Gone and back again.
Last week, the streaming service HBO Max announced it would remove Gone With the Wind from its library because of its concern that the 1939 motion picture romanticized slavery. But the new streaming platform now says it will return Gone With the Wind to its catalog with an added introduction that will provide some much-needed historical context.
Jacqueline Stewart, a professor of film at University of Chicago, and a frequent Turner Classic Movies contributor, will provide the historical preface. Stewart admits that HBO had “put this film up (for streaming) before giving it the context it needs today.” She added, “I think it needed it even before the unrest, and before the heightened concerns about racial inequities.”
The Racist Irony of “Gone With the Wind”
The 1939 film has long enjoyed classic status, and, adjusted for inflation, is the highest-grossing motion picture of all time. As one of the earliest features to premiere in Technicolor, it is a hugely influential part of the cinema canon, despite its deeply racist themes and images.
To many, the movie glamorizes the pre-Civil War South, offering a sympathetic view of slave owners while belittling the African-Americans they enslaved. At the same time, the film produced Hollywood’s first black Oscar winner in Hattie McDaniel. She was not allowed to accept her award for Best Supporting Actress, because the venue was segregated.
Much like the American South, which was built on the backs of black slaves, McDaniel’s Oscar represented how important she was to the movie’s success. Even 80 years after the Civil War, she was not considered dignified enough to accept the award.
The MGM film was produced by whites for an all-white audience, which explains the most problematic aspect of the film, its depiction of enslaved people as happy with their situation and unconditionally loving of their white masters. But Gone With the Wind is not an isolated instance. Many movies from that period did the same thing.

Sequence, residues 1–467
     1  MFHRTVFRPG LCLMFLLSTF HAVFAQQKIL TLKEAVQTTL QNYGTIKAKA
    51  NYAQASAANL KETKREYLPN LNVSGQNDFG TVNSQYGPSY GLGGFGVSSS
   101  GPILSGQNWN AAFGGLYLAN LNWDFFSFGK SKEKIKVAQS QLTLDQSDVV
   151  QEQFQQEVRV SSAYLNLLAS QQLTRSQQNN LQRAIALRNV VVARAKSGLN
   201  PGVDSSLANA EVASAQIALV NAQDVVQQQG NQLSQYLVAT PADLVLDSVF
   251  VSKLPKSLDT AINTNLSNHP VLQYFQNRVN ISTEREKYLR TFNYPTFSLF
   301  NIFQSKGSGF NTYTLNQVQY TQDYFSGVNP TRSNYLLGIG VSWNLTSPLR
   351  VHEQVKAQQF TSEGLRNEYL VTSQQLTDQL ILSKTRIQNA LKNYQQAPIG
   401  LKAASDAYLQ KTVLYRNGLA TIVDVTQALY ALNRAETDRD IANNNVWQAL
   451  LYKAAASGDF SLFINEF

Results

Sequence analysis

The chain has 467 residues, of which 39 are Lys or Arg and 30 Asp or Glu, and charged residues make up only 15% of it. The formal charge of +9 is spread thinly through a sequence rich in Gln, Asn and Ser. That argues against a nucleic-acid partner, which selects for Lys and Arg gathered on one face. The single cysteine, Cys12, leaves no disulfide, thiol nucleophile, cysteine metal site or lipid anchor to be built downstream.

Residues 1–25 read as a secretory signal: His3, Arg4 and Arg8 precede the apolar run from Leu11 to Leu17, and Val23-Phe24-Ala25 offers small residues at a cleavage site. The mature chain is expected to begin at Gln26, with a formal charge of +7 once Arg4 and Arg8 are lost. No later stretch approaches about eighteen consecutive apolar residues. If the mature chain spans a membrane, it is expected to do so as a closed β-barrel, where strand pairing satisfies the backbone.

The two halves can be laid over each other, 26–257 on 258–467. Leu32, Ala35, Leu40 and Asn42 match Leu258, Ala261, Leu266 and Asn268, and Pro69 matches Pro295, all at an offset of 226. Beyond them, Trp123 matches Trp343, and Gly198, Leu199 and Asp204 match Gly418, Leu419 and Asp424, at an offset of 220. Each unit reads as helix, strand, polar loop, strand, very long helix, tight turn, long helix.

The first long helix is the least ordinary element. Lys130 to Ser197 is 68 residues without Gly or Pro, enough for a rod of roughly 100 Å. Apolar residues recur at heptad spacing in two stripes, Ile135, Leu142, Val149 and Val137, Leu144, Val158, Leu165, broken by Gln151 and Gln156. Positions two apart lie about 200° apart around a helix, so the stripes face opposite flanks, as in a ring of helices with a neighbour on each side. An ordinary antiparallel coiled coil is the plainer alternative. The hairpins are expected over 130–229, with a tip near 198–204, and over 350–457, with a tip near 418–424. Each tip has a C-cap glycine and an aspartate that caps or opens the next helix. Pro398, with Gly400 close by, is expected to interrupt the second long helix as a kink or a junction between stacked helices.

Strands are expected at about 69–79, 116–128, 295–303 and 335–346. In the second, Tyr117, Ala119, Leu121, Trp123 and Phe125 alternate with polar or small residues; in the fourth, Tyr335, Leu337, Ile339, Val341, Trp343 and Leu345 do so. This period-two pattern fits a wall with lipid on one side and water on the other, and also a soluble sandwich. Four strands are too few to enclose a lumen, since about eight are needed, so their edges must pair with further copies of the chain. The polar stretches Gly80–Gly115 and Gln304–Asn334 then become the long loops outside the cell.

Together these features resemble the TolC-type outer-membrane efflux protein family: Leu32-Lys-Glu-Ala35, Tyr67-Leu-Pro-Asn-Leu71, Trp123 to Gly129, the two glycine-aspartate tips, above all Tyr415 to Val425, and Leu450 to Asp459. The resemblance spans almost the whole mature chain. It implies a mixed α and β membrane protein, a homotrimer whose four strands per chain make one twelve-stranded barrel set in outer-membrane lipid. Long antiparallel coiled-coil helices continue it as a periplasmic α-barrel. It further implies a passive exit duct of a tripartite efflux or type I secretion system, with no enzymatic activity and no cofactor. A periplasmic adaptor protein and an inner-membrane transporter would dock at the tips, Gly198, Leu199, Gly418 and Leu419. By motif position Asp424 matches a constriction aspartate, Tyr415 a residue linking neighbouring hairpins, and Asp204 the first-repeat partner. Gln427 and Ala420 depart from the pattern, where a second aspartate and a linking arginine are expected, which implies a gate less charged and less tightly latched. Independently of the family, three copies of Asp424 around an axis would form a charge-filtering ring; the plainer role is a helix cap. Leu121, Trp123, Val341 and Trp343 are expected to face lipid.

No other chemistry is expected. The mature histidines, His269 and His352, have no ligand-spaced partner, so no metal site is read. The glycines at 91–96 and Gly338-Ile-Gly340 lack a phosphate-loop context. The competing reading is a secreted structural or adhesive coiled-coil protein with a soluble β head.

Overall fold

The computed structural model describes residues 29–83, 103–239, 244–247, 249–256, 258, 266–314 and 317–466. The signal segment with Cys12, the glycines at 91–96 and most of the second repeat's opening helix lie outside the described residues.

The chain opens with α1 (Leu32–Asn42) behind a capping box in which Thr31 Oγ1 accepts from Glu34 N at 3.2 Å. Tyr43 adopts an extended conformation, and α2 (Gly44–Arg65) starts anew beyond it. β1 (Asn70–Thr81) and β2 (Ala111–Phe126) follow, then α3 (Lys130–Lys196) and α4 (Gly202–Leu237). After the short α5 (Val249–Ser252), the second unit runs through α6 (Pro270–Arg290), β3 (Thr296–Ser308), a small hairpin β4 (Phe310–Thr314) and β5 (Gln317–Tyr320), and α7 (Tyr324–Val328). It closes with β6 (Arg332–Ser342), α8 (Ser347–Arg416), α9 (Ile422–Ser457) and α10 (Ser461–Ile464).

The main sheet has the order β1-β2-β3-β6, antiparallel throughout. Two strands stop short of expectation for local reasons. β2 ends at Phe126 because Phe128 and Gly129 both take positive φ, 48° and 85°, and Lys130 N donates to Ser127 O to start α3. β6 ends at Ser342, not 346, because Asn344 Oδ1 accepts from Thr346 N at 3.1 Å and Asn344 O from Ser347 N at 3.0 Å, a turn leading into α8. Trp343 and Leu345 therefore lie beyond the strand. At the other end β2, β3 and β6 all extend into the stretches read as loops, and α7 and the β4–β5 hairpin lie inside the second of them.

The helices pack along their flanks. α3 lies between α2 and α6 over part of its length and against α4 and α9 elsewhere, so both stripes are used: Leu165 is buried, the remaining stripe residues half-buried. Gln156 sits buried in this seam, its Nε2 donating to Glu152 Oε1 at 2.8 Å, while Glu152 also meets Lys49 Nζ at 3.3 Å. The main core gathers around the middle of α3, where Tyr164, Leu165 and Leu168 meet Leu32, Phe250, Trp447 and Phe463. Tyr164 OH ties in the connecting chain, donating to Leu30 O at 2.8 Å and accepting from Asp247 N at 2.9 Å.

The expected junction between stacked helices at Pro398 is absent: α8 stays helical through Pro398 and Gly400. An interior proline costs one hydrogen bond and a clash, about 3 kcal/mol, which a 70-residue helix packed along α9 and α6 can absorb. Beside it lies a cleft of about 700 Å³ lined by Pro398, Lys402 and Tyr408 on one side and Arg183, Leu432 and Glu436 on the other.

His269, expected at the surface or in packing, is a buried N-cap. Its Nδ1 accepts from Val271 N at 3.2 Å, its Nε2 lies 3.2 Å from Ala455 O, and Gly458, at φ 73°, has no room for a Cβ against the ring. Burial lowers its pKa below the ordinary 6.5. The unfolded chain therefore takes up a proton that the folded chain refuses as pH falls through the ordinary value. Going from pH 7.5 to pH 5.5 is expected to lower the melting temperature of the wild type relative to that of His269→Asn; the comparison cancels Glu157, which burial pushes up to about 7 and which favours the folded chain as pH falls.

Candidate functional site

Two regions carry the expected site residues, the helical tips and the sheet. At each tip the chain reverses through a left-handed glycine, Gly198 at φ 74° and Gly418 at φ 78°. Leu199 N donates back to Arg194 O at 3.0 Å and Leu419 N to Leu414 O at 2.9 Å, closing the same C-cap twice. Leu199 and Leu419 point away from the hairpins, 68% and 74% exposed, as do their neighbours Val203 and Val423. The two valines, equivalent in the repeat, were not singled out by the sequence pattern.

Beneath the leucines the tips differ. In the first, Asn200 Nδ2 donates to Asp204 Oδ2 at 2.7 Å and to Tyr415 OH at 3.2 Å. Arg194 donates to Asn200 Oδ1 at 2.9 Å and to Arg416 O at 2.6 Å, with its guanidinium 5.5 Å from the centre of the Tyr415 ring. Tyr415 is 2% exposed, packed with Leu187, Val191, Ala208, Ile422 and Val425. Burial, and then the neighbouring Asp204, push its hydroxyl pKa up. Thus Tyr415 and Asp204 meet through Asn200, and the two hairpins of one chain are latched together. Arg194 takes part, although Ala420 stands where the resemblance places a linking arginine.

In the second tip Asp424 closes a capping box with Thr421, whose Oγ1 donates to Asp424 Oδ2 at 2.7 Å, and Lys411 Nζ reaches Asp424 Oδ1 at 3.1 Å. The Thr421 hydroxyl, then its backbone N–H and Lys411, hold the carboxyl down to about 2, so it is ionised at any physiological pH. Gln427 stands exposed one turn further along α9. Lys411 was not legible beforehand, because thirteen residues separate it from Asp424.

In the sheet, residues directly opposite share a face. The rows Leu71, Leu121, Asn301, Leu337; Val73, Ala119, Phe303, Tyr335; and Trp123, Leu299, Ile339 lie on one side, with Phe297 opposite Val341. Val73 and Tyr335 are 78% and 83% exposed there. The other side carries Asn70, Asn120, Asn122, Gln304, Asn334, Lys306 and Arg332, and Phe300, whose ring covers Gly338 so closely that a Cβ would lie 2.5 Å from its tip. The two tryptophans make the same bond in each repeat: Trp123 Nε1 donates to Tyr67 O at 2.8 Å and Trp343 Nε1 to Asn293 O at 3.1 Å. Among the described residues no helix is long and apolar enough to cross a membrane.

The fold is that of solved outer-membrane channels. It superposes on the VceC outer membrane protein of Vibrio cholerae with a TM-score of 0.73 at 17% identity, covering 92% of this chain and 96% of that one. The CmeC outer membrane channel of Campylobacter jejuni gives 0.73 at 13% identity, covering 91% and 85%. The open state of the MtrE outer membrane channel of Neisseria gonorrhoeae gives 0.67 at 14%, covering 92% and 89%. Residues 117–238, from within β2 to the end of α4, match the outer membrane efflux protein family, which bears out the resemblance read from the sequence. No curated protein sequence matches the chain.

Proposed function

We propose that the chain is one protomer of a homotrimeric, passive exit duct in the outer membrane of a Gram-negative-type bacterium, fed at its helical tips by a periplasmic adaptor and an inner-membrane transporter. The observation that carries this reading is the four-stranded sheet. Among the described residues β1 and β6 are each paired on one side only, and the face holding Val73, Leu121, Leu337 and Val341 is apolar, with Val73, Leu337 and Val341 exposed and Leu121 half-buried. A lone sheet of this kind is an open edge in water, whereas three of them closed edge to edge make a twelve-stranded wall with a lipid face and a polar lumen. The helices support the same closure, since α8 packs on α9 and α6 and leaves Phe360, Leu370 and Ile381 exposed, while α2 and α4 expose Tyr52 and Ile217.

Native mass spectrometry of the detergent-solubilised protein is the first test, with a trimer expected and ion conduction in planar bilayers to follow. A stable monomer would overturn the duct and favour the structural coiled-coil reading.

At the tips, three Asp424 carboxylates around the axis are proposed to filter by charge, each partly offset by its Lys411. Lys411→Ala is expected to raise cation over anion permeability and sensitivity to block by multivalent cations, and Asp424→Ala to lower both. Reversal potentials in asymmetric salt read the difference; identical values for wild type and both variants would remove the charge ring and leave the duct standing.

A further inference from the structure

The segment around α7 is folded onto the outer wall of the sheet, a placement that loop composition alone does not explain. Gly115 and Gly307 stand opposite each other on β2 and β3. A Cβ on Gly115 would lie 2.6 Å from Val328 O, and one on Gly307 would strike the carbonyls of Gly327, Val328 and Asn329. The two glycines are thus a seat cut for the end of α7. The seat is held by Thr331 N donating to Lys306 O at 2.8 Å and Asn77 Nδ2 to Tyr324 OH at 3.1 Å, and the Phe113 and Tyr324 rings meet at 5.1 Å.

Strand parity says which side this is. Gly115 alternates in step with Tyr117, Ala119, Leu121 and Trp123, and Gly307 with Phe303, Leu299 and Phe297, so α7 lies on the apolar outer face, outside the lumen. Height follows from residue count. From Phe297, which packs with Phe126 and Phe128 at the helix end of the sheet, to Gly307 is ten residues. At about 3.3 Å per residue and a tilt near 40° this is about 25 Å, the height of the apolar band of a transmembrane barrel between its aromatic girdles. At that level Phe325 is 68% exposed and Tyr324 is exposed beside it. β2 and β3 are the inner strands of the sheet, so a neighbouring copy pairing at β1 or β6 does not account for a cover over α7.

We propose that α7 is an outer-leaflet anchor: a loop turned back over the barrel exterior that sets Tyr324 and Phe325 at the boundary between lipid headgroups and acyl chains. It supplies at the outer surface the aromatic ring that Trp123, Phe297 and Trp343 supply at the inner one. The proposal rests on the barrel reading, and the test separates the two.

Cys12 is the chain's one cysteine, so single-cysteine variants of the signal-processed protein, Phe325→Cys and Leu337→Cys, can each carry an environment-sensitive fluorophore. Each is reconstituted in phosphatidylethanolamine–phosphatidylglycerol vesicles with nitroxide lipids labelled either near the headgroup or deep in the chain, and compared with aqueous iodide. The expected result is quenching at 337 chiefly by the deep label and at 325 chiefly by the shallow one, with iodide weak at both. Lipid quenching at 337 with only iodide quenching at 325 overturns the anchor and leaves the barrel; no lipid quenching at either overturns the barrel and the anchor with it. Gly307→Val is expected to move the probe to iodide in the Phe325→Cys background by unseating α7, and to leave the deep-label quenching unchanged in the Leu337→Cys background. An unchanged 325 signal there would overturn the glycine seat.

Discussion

The film also perpetuates a myth known as “The Lost Cause of the Confederacy.” This ideology holds that the South was a heroic, morally upright player in the Civil War and that it was justified in defending its way of life. Rich, pro-slavery characters were presented as brave fighters, romantic souls and beautiful Southern belles. They created a story about the grandness of the South, conveniently leaving out discussions of racism.
A Call for Context
The issues above inspired screenwriter John Ridley, who penned 12 Years a Slave, to call out HBO Max for promoting Gone With the Wind. Writing for The Los Angeles Times, he said it was “painful” to scroll through the platform “and see it elevate one film in particular that has helped to perpetuate the racism that’s causing angry and grieving Americans to take to the streets.”
HBO heard this criticism and acknowledged its mistake. In a statement, HBO Max said that the film is, “a product of its time and depicts some of the ethnic and racial prejudices that have, unfortunately, been commonplace in American society. These racist depictions were wrong then and are wrong today, and we felt that to keep this title up without an explanation and a denouncement of those depictions would be irresponsible.”
HBO Max has taken the film down, but will make it available for streaming once again in the coming weeks, this time with Jacqueline Stewart’s preface. The film professor has said that she does not endorse taking down Gone With the Wind permanently, in the way Disney-Plus has buried the very racist Song of the South.
“In 2015 I co-taught a course at Northwestern University with my colleague, Miriam Petty, for the 100th anniversary of The Birth of a Nation,” Stewart noted, referring to another film that worked to glorify the Antebellum South. “It is crucial we look back at these films. These were huge, very expensive, very popular films, with really long lives. They were protested at the time they were made. And it’s instructive for us now, as we figure out what we want from our media, and how to change the representation of what we see on screen.”
Calling the film “a prime text for examining expressions of white supremacy in popular culture” Stewart notes that in the proper context, Gone With the Wind can help us understand the problematic ways in which mainstream history has been told. It can help develop a more realistic and critical understanding of our nation’s past.
Some have compared the preservation of Gone With the Wind to the presence of Confederate statues, which inaccurately glorify the indefensible. But in both cases, understanding the ways in which previous generations tried to memorialize the past can help us better comprehend how our own collective attitudes have evolved. We can study Gone With the Wind without agreeing with its themes. In doing so, we understand the glamorized and often ignorant ways in which our ancestors tried to tell the American story.